Transparency in Accounting

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Transparency in Accounting The Culprit or the Revealer?
Transparency in accounting has been a controversial issue in recent years largely due to events such as the fall of Enron, the WorldCom scandal, and the latest financial crisis. Supporters of greater transparency used these opportunities to demonstrate that if companies had been more transparent in the beginning, investors would have been better informed of reality and the financial crisis would have been less severe. On the other hand, critics blame transparency and the accounting profession for the financial downturn by citing Statement No. 157 issued by the Financial Accounting Standards Board (FASB) which deals with mark-to-market accounting (Rose and Trussel 2009). “Depending on the audience, fair value accounting is either the most controversial aspect of modern accounting or the most highly desired result of FASB’s current standards-setting project” (Schuetze 2006). The debate surrounding transparency raises the question of whether having transparency in accounting causes crises to occur or merely presents investors with an opportunity to “see” what is truly occurring within a company by reading the financial statements.

What is transparency in accounting? Is valuing the employees and reporting that figure on the balance sheet an example of transparency? Without a consensus definition, pinpointing the true meaning of accounting transparency can be difficult. A simplistic defining of the phrase is when a company fully discloses its information to users. Adjectives used to further describe accounting transparency are relevant, reliable, understandable, and timely. Another method to explain transparency in accounting is to illustrate what transparency is not. Accounting transparency should be the opposite of its antonym, opaque, which is defined as “… hard to understand, obscure” (McAllister 2003). Regardless of the method used to define the phrase, businesses are realizing the need to be transparent. Financial markets and investors are not fond of negative surprises, which is why increased transparency builds confidence in the markets. Greater transparency in accounting allows investors and other financial statement users to evaluate the full realm of risks involved in a particular company before making a financial decision. The more relevant and reliable information a business provides, the more investors will trust the company and its operations. This reason is often why the more transparent corporations outperform others over time. Transparency helps put investors’ hesitations at ease and assures them that the company is not trying to hide a shady aspect of the business. Another reason for the need of increased transparency is to guard against companies attempting to manipulate earnings through impairment recognition. Businesses are more willing to report impairments in years of abnormally large profits because doing so allows companies to smooth earnings. This practice is the type of concern that accounting transparency seeks to eliminate. Businesses should be required to report an impairment in the year it occurs, regardless of the magnitude of profits for that year. Transparency should not be an option for companies to pick and choose when to abide but mandatory for them to follow at all times.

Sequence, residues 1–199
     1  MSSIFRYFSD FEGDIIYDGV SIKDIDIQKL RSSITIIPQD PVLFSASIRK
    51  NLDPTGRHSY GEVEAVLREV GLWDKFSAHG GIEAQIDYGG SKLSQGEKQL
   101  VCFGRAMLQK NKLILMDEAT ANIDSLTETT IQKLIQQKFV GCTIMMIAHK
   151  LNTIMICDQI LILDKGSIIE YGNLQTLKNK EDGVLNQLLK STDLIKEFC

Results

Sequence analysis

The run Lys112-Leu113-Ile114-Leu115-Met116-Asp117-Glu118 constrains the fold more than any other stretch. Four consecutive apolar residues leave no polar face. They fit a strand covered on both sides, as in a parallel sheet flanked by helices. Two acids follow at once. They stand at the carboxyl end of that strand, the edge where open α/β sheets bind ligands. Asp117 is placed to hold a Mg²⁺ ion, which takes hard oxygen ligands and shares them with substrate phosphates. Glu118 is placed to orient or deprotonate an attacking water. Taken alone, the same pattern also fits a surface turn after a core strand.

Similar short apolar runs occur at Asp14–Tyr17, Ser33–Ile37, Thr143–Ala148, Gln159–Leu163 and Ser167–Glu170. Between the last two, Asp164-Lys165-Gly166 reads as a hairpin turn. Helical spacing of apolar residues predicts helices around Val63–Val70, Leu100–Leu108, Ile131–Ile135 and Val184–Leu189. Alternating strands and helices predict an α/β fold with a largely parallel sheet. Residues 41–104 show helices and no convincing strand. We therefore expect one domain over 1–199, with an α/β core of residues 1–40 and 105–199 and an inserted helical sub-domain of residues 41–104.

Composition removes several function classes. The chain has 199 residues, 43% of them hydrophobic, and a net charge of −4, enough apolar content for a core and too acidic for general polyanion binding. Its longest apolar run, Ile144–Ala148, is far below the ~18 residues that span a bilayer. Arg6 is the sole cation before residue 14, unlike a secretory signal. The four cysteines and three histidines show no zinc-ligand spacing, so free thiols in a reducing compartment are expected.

An additional reason for more transparency in accounting is the lack of such can lead to complex financial schemes by managers and executives, as was the case with the Enron debacle. Lack of transparency is an inviting environment for “gray-area” accounting, which may ultimately lead to fraud. In these conditions the opportunity component of the fraud triangle is highly present because investors are not fully informed about what is taking place within the company. However, like Enron, a business can be in compliance with General Accepted Accounting Principles (GAAP) and not have transparent reporting (McAllister 2003). Knowing this fact, companies must be held...
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